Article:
It was a combination of factors that led to DST4L. First of Chris Erdmann has always thought that librarians should learn to how to code and has been proactive in teaching new library staff how to program. We asked him why DST4L? “From the start my approach was scattered – I would pop in and out of the office to help my staff, leaving big gaps of time where they were left to fend for themselves, to learn on their own.” This approach wasn’t sustainable and one day a staff member suggested that they needed a more structured way to learn. Second Chris Erdmann strongly feels that librarians needs to be more involved, that more technical knowledge and expertise needs to be transferred to librarians, and the outcome, is a better trained, more tech savvy librarian that can take and active role in the technical aspects of library projects. Third Chris Erdmann notices librarians can benefit from getting their hands dirty with data and experiencing the research data lifecycle first hand: “I wanted the librarians to be able to sympathize with the researchers and not to be so prescriptive in their services”. By sympathizing with the researchers, librarians could learn how services could be streamlined and simplified. “I also hoped that by experiencing a more dynamic process – the research data lifecycle is often a complex, iterative process – librarians would also learn to be less linear in their own work and be able to tackle more abstract problems.” Inspired by these driving factors, DST4L started as program in the library space, with limited resources, and relied on a network of professionals in the Boston area to address the various aspects of data science and the research data lifecycle.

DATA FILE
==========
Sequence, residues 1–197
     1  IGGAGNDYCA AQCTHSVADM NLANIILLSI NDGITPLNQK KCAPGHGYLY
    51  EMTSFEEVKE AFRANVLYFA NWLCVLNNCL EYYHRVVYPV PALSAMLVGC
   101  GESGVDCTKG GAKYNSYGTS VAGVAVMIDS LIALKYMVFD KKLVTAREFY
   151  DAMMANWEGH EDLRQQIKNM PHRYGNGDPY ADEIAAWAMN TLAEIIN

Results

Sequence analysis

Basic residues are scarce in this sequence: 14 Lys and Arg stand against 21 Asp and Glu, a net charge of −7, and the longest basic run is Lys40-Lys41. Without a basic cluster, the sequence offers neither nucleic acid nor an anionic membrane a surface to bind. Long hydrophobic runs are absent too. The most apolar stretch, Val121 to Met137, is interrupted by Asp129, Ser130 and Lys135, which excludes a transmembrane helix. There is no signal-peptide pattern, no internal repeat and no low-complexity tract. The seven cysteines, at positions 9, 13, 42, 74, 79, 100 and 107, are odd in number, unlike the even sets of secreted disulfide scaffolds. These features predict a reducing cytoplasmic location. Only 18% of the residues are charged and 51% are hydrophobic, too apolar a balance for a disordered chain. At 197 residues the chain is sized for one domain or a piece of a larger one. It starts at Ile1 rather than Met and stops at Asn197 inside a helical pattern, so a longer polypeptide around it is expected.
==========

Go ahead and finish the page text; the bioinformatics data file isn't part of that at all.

Librarians getting there hands dirty at DST4L, Copenhagen Session
Librarians as Data Scientists, really?
When asked about what Chris Erdmann sees as Data Science he explains: “For me, I automatically think of a unicorn, as it has become a popular story to tell, that trying to find a data science wizard that can do virtually everything is like trying to find the mythical unicorn from folklore. My simple definition is that a Data Scientist extracts insights from data to inform decision making. When I first came across the term, it reminded me so much of the work I was observing of astrophysicists in my community, and in fact, many astrophysicists have gone on to industry, taking on similar titles and roles. So I started to draw connections between data science and the research data lifecycle and tried to determine where the library might have a role to play.”